Priest – Body Machine (Album Review)

Priest – Body Machine (Album Review)

Emerging out of the shadows in 2017, the band known as Priest are still a bit of a mystery. A Swedish electronic/synth trio using the personas Mercury (vocals), Salt (keyboards) and Sulfur (keyboards/programming), two are ex Nameless Ghouls of the famed Metal band Ghost. Together forging a new path outside Ghost, they deliver their own unique Industrial edge and image with Priest. Making an impact with previous releases – 2017’s New Flesh and 2020’s Cyberhead – the band is back again with their latest album Body Machine

Their first full-length with Cleopatra Records, Body Machine arrived on Friday, July 15, 2022 and is complete with ten brand new tracks. Feeling very European in every way possible, even early on in the album’s tracks, you can hear that Priest are thinking outside the box. Overall, their approach is a refreshing take on classic structures all while they interject a distinct personality. 

For example, the Industrial Pop-vibed opening cut “A Signal In The Noise” is both infectious and intriguing at the same time. Featuring the catchy and almost soothing lyrics, “Oh, I think we are getting closer, oh to the middle of the zone” in the first chorus, there is also a gorgeous key change that is unexpected, yet so tasteful. There is also the track “Ghost Writer” which takes a different turn with driven arpeggio that is accompanied by a Kraftwerk-eque synth lead. Entrancing, it is a well-bodied charming, graceful, yet slightly haunting piece of music.  

Later on in this oasis of sound you have the experimental and more edgier “Hell Awaits” which features samples of a political speech that indicates the clearly obvious decline in civilization. This is while “Phantom Pain” brings the mood back to prior songs with strong synth bass. Solidified by some very interesting production with vocals creeping behind the instrumentation, a strong chorus pops in with a somber, but somehow uplifting feeling. With plenty more in between the lines, other stand out moments include the irresistible “Perfect Body Machine” and powerful closing heard on “Keep on Burning.”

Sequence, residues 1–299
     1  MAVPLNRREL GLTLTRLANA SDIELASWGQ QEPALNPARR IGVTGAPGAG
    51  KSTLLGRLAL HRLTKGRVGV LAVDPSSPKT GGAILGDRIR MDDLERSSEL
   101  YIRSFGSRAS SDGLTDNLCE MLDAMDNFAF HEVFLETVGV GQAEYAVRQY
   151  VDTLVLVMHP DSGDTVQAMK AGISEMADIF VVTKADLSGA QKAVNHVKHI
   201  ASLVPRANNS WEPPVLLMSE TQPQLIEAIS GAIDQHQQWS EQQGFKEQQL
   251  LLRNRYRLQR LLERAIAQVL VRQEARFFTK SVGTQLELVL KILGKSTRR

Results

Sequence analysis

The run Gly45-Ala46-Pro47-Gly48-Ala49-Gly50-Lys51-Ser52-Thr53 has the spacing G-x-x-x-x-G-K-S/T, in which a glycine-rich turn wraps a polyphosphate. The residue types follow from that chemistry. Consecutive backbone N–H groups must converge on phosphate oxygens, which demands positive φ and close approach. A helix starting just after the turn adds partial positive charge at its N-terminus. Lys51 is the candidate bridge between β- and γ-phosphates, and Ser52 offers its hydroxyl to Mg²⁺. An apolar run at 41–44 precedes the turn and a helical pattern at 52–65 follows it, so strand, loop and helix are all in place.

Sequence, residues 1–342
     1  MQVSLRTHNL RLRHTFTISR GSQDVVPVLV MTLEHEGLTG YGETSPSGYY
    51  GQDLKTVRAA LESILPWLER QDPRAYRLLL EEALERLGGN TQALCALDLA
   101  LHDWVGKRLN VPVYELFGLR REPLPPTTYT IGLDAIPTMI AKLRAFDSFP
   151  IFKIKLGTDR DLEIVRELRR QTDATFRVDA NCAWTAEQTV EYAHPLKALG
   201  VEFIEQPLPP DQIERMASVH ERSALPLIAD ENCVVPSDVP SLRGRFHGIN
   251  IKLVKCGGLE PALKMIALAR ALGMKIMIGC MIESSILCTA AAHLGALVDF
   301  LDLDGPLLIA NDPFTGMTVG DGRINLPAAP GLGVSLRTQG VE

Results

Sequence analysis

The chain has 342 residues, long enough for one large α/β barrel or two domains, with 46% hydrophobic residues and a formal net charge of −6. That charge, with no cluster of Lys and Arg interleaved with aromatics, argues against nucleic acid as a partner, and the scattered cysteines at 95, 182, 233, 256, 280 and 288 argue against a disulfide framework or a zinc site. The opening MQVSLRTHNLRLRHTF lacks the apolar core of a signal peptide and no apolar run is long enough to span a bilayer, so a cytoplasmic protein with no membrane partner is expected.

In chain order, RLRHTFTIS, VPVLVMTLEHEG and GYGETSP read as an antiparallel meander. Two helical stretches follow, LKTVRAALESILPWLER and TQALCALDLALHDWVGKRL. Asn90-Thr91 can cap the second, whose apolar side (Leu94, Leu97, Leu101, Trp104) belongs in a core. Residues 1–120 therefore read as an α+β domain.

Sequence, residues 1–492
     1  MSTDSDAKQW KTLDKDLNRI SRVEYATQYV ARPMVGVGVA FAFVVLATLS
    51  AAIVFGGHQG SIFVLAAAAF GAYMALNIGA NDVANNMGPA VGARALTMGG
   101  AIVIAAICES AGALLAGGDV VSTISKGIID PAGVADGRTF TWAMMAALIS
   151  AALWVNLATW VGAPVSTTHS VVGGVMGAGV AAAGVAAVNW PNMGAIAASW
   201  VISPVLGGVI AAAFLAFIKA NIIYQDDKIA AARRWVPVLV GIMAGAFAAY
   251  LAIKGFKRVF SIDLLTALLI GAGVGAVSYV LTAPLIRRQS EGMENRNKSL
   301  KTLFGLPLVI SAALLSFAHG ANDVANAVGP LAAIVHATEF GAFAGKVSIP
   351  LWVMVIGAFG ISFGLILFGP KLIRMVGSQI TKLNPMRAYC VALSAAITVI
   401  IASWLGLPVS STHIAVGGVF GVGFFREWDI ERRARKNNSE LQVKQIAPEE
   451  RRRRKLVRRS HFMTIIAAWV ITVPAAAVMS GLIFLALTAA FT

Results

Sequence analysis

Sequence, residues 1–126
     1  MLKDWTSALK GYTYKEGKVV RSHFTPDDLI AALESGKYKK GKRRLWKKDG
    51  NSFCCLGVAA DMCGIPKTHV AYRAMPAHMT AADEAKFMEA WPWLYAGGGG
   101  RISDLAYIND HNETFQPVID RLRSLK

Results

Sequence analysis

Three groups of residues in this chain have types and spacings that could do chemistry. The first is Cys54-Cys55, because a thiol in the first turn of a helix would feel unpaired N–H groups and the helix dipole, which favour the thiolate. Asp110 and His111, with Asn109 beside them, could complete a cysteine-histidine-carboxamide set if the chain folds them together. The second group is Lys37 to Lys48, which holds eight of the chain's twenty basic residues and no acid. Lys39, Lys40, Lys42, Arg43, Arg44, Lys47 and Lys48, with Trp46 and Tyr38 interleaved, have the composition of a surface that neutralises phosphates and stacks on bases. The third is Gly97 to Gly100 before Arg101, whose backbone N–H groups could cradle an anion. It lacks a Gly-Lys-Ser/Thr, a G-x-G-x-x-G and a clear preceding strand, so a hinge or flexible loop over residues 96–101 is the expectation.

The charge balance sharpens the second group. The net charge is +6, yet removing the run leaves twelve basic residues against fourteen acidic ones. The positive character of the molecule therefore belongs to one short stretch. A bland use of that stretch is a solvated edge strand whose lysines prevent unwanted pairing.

Overall, if you are new to Priest, you should absolutely check out Body Machine, but you should also revisit their previous work too. Extremely retro sounding, Body Machine leaves an undeniable impression. In fact, the opener, “A Signal In The Noise,” could be one of the strongest beginnings to an album in sometime. That all in mind, the overall production of Simon Söderberg (who produced Ghost’s Opus Eponymous back in 2010) really drives it all home and makes the record sound extremely authentic. A solid effort that leaves you yearning for more, Cryptic Rock gives Body Machine 5 out of 5 stars. 

 

Like the in-depth, diverse coverage of Cryptic Rock? Help us in support to keep the magazine going strong for years to come with a small donation.
Kenny Lenehan
[email protected]

Kenny Lenehan is a Scottish Musician and Music journalist. Leader and Multi Instrumentalist of Dark Metal Outfit XAAR.

No Comments

Post A Comment

Show Buttons
Hide Buttons